Big Bethel AME Church
2012 photo of Big Bethel A.M.E. Church in Atlanta (Keizers)
1979 photo pf Big Bethel A.M.E. Church from Historic American Buildings Survey (HABS)
1899 map showing Big Bethel A.M.E. under construction (stone, blue), next to existing church (brick, red) (Sanborn Map Company p. 45)
Backstory and Context
The building housing Big Bethel A.M.E. Church on Auburn Avenue was built by 1891 of rough-hewn granite. The Romanesque Revival style church has been a prominent landmark in this predominantly African-American neighborhood. The building is shown on an 1899 map as still being under construction, with no roof (see the Sanborn Fire Insurance map image). The "Big" Bethel building replaced the existing, brick building of the Bethel A.M.E. Church next door, to the west; the brick building featured a 50-foot tower on the Auburn Avenue side of the structure. The brick structure measured 20 feet up to the eaves and was heated by stoves; this building no longer stands. Both churches were noted on the map as "Colored."
The National Archives contains a letter written after the Civil War by members of the congregation, requesting federal funds as reparations to rebuild their church. Their church building had been destroyed by Union soldiers when Atlanta was an occupied town, and $7,000 was asked for. Since a number of the signers used an X and someone else wrote their names, an archivist thinks many of the signers were former slaves.
The Big Bethel AME Church has been the location of pioneering efforts in African-American education. The first public school for African-Americans in the city, the Gate City Colored School, was established in the Bethel basement (of the former brick building). The school later moved nearby to Houston Street. Morris Brown College held classes in the basement of the former church in 1881 before establishing itself elsewhere. The college is the only one in Georgia founded solely by African-Americans.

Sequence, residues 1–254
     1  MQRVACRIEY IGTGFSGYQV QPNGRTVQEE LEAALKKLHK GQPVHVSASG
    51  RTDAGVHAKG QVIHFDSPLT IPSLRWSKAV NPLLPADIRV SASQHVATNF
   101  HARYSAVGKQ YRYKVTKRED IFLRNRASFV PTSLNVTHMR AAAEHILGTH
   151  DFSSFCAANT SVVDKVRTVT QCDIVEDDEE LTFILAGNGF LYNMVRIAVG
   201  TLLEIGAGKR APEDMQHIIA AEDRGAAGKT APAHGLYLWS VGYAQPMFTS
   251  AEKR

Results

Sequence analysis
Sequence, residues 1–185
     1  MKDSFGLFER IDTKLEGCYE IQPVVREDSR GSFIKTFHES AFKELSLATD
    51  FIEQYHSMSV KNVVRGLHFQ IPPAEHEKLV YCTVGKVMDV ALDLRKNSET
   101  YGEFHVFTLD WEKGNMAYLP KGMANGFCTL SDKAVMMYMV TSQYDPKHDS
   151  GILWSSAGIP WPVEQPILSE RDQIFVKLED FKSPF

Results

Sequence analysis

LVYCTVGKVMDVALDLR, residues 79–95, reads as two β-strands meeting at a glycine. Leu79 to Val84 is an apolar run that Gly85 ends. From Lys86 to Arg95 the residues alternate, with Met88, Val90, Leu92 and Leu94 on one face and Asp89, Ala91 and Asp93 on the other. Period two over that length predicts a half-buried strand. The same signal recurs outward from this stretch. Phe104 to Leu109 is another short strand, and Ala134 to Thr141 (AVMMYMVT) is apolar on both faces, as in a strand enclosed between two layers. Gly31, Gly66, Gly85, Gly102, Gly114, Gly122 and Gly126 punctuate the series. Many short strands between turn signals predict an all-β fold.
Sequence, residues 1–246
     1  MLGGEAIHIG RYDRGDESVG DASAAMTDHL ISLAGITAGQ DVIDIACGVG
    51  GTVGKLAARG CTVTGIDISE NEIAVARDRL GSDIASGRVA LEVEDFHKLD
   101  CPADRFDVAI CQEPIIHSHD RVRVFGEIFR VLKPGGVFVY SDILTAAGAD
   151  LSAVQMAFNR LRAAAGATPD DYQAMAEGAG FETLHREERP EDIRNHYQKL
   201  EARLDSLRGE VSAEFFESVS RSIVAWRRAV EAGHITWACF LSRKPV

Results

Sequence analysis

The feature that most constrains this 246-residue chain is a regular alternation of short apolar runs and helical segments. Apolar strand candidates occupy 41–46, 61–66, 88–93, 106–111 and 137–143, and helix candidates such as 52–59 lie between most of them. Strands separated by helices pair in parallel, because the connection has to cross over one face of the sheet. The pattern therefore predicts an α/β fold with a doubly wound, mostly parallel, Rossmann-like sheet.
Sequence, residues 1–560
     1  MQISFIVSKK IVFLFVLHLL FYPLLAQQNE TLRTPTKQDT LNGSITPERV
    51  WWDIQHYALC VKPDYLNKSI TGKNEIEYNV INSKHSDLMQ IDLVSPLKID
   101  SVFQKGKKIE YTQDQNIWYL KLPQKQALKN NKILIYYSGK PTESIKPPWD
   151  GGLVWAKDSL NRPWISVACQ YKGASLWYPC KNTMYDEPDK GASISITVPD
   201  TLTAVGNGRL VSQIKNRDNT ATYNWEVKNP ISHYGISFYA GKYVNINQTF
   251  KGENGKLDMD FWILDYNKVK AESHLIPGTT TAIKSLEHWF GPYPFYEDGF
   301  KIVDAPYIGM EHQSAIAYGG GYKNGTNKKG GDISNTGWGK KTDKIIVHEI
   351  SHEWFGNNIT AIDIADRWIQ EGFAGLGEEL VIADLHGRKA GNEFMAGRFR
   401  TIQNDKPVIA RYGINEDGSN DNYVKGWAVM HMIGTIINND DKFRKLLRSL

The church has served as the center of local community gatherings, earning the nickname "Sweet Auburn's City Hall." President Taft spoke from the pulpit of the church in 1911. The church survived a fire in 1917 that destroyed many nearby buildings.
Only one of the exterior walls (the west wall, closest to the organ) had to be rebuilt after a 1920 fire. The church interior and steeples were rebuilt by 1924. The church steeple includes a lighted cross with the message "Jesus Saves." The stained glass windows in the balcony honor founders Bishop Richard Allen, Bishop Henry M. Turner, and Bishop Joseph S. Flipper.
In modern times, the church has had the honor of hosting speeches by Nelson Mandela in 1990 and others. The current pastor is the Reverend John Foster, Ph.D., who has combined careers in the clergy and as a professor of electrical engineering and computer science or administrative dean at a number of institutions of higher learning. The church is part of the Sweet Auburn Historic District, a National Historic Landmark, listed in 1976. The church was mentioned in the news recently. The congregation is helping to support the renovation of a 16-story high-rise built in 1972 that overlooks Auburn Avenue and Georgia State University. Bethel Towers' occupants include a number of low-income residents.
Big Bethel A.M.E. Church. Welcome, Big Bethel A.M.E. Church, Where Jesus saves. January 1st 2020. Accessed February 16th 2020. https://bigbethelame.org/welcome/.
Gomez-Graves, Lynne. NRHP Nomination Form for Sweet Auburn Historic District.
Sanborn Map Company. Sanborn Fire Insurance Map from Atlanta, Fulton County, Georgia. Edition 1899. New York, New York. Sanborn-Perris Map Company, 1899.
Sears, Sally. Fight over elevators opens door to eviction, CBS 46 news. January 29th 2020. Accessed February 17th 2020. https://www.cbs46.com/getting_results/fight-over-elevators-opens-door-to-eviction/article_b76e0516-42e5-11ea-b42d-63d8c8c7240a.html.